In Pima County, there are areas that are designated as Regulated Riparian Habitat (RRH). RRH has development limitations in an effort to preserve, protect, and enhance these areas. Why is this important? And what exactly is riparian habitat?
Riparian habitat is the community of plants found along washes and floodplains. Riparian habitat can range from a narrow band of grasses and shrubs along an ephemeral (intermittent water flow) desert wash to a closed canopy of large mature trees along a perennial stream. Riparian habitat provides multiple benefits including groundwater recharge, erosion control, improved water quality, and ensures the long-term survival of wildlife and floodplain function.
Riparian vegetation slows stormwater flow which can increase groundwater recharge. The rainwater generated from a storm can create flooding and erosion. When the vegetation within riparian habitat is protected and preserved in place, the vegetation acts as an obstruction to the stormwater, thereby slowing the stormwater flow and allowing for infiltration to take place which, in turn, recharges the groundwater.
The riparian vegetation also stabilizes the banks of washes, watercourses, and floodplains. The root system from the trees and shrubs provides structure to the soil. When stormwater flows over the desert to the washes and through the watercourses, the soil remains in place, thereby providing erosion protection.
Improved Water Quality
Riparian vegetation can act as a filter for washes and watercourses by removing pollutants collected from the adjacent streets and parking areas. As the stormwater runs over these polluted paved areas, the stormwater collects the pollutants. This process can be harmful to groundwater. When stormwater flows through riparian vegetation prior to infiltrating into the groundwater, the vegetation pulls the harmful pollutants out of the stormwater.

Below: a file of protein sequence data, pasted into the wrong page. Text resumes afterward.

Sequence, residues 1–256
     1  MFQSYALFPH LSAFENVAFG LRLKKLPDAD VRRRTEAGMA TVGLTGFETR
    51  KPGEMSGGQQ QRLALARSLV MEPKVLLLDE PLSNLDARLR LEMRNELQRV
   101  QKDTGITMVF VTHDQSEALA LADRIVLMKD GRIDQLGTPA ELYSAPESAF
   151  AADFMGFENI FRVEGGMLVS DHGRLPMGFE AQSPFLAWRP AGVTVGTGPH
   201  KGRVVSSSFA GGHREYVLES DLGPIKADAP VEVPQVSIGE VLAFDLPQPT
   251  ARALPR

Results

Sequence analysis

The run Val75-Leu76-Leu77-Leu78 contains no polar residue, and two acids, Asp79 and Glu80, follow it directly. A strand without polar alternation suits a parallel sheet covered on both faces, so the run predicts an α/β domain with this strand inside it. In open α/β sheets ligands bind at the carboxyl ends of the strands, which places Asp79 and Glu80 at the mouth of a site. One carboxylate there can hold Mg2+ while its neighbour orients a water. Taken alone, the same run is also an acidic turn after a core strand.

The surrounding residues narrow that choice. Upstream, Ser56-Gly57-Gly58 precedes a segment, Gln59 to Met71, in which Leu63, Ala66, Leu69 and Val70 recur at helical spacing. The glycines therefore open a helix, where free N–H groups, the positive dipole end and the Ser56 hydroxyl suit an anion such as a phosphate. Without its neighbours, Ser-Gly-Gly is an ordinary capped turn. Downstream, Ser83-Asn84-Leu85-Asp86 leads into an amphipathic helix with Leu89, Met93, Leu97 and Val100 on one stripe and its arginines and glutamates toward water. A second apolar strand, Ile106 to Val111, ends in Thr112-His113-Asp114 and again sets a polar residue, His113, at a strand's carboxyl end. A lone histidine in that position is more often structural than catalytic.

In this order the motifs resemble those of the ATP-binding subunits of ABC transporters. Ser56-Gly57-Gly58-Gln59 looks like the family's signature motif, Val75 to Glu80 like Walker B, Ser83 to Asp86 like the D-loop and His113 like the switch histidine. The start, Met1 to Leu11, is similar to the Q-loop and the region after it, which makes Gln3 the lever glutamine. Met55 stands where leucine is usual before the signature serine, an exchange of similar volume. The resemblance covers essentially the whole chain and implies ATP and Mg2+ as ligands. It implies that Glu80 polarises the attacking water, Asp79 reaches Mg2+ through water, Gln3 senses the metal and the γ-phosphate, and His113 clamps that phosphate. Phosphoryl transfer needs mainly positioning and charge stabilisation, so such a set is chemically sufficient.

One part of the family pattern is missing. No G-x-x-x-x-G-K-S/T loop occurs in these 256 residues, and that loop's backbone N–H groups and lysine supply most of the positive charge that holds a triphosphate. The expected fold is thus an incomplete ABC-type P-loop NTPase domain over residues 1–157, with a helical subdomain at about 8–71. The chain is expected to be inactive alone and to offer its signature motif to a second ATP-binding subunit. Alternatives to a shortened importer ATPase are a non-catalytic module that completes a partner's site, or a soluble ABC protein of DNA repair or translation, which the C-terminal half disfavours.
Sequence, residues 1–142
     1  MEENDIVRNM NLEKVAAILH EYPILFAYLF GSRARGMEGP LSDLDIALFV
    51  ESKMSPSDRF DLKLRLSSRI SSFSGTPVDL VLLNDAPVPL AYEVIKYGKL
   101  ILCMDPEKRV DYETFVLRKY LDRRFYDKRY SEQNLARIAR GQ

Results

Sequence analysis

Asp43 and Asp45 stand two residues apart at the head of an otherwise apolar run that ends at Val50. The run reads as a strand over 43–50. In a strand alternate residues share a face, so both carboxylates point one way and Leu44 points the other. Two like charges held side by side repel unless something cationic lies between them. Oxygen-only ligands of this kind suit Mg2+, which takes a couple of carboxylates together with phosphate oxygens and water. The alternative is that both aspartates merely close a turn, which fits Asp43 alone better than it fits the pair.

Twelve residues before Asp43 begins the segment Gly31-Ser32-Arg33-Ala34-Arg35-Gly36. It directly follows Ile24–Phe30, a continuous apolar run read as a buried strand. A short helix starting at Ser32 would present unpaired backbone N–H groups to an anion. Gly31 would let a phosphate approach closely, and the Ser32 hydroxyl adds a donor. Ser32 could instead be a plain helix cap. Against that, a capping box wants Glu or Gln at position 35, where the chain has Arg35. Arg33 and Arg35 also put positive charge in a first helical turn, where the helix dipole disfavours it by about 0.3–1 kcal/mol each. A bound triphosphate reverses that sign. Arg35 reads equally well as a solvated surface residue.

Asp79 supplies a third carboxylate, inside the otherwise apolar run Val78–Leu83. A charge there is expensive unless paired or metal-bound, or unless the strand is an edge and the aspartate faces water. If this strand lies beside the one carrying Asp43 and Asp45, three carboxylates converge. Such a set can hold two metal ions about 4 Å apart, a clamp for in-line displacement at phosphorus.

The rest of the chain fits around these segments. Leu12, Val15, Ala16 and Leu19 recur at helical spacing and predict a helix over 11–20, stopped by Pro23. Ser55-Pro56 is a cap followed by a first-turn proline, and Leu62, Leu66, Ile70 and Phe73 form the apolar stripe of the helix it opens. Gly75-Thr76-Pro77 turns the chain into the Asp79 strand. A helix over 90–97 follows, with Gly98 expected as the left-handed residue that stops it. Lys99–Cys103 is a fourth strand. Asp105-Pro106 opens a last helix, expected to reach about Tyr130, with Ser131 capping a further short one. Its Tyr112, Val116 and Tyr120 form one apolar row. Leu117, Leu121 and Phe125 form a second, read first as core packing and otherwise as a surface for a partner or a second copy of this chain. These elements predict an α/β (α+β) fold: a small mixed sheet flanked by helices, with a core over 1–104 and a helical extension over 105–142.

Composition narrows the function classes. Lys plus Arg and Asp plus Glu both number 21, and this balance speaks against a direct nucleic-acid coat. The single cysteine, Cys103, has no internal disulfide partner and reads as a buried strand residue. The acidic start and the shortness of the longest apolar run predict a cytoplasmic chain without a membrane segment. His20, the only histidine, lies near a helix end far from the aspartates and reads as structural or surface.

Wildlife and Floodplain Function
Riparian habitat is of particular importance to wildlife. At least 80% of all animals in the Southwest use riparian habitat at some stage of their lives and more than 50% of these species require riparian habitat during their life cycle. Riparian habitat provides food, nesting habitat, protective cover, and migration/movement corridors. Theses corridors are found within riparian habitat areas and located adjacent to desert washes and larger watercourses throughout Pima County. The riparian corridors support higher biological diversity by providing places for wildlife to live, forage, and connectivity to other areas that both plants and animals need to maintain viable populations and genetic species diversity.
When riparian habitat is preserved, public expenditures on flood control projects for the protection of buildings and property is decreased. When the riparian vegetation is not disturbed by development, the need for costly drainage infrastructure – such as bank stabilization – is decreased. In essence, riparian habitat provides a natural flood protection for adjacent properties. In addition to reducing public expenditures by preserving the riparian vegetation, opportunities for passive recreation within the protected open space offers an aesthetically pleasing place to live which can result in higher property values.
Stay tuned for how to permit construction on property that is located within Pima County regulated riparian habitat.
This article was written by Patricia Gilbert, a Principal Hydrologist in Pima County, Arizona.